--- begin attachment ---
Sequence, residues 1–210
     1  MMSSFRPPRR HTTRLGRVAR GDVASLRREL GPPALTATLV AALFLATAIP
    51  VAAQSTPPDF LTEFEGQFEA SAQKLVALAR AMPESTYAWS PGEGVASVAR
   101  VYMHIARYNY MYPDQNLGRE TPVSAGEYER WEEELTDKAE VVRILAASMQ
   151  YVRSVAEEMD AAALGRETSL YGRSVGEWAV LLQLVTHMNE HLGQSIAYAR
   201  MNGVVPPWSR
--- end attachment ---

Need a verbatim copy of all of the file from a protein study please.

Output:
Sequence, residues 1–210
     1  MMSSFRPPRR HTTRLGRVAR GDVASLRREL GPPALTATLV AALFLATAIP
    51  VAAQSTPPDF LTEFEGQFEA SAQKLVALAR AMPESTYAWS PGEGVASVAR
   101  VYMHIARYNY MYPDQNLGRE TPVSAGEYER WEEELTDKAE VVRILAASMQ
   151  YVRSVAEEMD AAALGRETSL YGRSVGEWAV LLQLVTHMNE HLGQSIAYAR
   201  MNGVVPPWSR